Code Cleaning: How tests drive code improvements (part 1)

In my last post I discussed the refactoring of a particular piece of code. Incrementally changing the code had resulted in some clear improvements in its complexity, but the end-result still left me with a unsatisfied feeling: I had not been test-driving my changes, and that was noticeable in the resulting code!

So, as promised, here we are to re-examine the code as we have it, and see if when we start testing it more thoroughly. In my feeble defence, I’d like to mention again why I delayed testing. I really didn’t have a good feel of the intended functionality, and because of that decided to test later, when I hoped I would have a better idea of what the code is supposed to do. That moment is now.

Again a fairly long post, so it’s hidden behind the ‘read more’ link, sorry!

Contine reading

Code Cleaning: A Refactoring Example In 50 Easy Steps

One of the things I find myself doing at work is looking at other peoples code. This is not unusual, of course, as every programmer does that all the time. Even if the ‘other people’ is him, last week. As all you programmers know, rather often ‘other people’s code’ is not very pretty. Partly, this can be explained because every programmer knows, no one is quite as good at programming as himself… But very often, way too often, the code really is not all that good.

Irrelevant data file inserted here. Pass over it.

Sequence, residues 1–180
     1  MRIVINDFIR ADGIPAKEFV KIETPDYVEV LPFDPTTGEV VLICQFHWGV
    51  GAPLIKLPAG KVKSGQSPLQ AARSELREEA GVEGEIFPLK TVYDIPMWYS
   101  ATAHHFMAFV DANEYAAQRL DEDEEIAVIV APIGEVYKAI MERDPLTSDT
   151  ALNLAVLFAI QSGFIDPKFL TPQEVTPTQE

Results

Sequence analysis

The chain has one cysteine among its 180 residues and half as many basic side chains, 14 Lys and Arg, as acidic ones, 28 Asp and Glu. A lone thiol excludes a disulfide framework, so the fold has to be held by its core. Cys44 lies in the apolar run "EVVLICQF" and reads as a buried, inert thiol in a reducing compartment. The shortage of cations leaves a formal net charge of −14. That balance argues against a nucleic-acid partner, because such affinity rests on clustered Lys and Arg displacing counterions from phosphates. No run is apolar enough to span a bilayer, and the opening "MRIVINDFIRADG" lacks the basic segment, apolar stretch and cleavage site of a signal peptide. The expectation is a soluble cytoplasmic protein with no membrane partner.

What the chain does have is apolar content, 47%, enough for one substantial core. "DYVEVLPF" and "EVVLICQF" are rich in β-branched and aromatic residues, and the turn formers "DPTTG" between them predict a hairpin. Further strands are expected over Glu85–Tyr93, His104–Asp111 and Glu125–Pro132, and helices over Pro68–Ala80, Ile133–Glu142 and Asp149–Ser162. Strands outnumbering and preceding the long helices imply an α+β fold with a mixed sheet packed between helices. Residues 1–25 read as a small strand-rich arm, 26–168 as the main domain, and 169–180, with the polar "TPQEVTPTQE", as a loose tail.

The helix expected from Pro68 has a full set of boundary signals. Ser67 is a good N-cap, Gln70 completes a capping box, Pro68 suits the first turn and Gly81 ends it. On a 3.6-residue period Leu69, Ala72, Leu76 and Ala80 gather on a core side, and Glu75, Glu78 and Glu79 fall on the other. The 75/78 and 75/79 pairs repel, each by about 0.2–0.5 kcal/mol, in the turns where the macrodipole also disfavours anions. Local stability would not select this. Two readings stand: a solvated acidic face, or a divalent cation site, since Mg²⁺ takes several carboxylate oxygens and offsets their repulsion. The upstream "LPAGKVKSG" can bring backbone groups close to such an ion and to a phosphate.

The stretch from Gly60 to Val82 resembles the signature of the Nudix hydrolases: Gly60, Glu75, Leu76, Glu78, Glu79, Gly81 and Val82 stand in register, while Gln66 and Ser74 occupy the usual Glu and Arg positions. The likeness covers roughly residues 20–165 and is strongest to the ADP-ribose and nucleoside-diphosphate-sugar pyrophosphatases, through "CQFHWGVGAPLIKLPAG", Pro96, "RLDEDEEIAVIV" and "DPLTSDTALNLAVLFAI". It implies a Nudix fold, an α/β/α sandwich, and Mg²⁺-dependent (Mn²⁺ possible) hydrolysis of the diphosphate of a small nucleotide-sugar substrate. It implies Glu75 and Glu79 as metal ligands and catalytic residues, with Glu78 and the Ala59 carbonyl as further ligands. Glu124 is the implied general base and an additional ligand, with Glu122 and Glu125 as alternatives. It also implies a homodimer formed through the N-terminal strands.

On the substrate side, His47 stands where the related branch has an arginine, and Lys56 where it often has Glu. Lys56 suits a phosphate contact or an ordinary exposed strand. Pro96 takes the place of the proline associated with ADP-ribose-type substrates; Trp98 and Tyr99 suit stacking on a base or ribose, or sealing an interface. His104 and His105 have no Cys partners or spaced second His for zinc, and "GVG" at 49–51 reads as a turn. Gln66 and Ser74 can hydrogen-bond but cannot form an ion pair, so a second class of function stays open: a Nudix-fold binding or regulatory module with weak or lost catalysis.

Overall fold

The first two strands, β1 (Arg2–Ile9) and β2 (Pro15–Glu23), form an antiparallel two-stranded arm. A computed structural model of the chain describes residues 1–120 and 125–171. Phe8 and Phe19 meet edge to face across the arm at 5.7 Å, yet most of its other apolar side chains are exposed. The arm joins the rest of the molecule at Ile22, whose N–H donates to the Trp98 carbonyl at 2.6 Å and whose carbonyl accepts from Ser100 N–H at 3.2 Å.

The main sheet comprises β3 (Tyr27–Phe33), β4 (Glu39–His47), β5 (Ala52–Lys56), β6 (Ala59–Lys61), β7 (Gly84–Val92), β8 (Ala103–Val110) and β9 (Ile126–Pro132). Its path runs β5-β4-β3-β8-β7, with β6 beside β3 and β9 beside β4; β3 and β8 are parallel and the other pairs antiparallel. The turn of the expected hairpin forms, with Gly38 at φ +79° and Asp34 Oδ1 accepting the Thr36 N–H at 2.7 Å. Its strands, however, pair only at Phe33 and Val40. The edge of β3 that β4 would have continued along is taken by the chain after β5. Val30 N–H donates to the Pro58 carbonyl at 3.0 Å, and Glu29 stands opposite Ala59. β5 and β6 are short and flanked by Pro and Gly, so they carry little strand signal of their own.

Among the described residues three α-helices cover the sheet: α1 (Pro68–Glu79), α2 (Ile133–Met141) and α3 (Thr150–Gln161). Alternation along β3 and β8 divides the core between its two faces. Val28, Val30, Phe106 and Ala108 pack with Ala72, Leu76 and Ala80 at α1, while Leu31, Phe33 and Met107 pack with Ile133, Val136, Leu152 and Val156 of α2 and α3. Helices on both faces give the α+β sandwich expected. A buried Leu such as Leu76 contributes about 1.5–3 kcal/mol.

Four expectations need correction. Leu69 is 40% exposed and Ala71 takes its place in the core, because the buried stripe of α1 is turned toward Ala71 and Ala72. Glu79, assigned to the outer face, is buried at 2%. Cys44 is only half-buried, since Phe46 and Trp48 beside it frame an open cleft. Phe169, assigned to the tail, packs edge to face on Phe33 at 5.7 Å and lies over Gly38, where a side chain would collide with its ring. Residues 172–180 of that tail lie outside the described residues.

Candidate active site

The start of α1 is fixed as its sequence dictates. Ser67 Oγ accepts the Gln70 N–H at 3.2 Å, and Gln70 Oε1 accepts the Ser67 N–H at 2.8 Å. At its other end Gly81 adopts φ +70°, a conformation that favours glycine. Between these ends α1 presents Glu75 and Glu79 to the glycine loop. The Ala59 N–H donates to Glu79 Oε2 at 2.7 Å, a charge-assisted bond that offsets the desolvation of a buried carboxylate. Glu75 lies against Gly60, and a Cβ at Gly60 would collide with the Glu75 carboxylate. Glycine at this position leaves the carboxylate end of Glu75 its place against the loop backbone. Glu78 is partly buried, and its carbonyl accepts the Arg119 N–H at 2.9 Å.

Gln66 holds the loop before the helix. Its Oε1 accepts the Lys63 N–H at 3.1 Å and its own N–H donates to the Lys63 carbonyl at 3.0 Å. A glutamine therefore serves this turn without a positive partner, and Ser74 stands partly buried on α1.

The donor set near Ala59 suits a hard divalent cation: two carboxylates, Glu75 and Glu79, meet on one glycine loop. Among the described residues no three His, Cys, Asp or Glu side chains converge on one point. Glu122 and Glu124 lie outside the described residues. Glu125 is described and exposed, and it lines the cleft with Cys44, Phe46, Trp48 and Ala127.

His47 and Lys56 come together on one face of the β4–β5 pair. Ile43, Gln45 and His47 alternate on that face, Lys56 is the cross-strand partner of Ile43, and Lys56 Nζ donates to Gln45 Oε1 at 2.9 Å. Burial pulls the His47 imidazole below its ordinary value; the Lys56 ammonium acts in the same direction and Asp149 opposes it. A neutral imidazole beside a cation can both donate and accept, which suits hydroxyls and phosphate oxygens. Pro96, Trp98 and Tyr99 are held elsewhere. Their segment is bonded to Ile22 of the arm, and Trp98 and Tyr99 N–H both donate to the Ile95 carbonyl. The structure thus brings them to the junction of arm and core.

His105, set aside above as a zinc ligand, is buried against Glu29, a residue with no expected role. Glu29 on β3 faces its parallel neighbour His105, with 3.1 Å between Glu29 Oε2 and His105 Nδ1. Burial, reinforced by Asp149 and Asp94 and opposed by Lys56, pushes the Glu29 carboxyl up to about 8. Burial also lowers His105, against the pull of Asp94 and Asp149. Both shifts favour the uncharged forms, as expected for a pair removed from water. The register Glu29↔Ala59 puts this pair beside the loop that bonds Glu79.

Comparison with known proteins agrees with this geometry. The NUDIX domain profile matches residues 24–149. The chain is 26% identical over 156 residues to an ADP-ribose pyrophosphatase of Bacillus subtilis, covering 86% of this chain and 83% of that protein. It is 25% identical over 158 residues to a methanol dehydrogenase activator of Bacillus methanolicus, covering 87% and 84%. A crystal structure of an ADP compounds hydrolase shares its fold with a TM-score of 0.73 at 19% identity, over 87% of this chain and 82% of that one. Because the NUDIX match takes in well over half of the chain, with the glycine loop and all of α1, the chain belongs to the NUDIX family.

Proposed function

This can be caused by many things. Sometimes the programmers are not very experienced. Sometimes the pressure to release new features is such that programmers feel pressured into cutting quality. Sometimes the programmers found the code in that state, and simply didn’t know where to start to improve things. Some programmers may not even have read Clean Code, Refactoring, or the Pragmatic Programmer! And maybe no one ever told them they should.

Recently I was asked to look at a Java codebase, to see if it would be possible for our company to take that into a support contract. Or what would be needed to get it to that state. This codebase had a number of problems, with lack of tests, lots of code duplication and a very uneven distribution in complexity (lots of ‘struct’ classes and the logic that should be in them spread out, and duplicated, over the rest). There was plenty wrong, and sonar quickly showed most of them.

Sonar status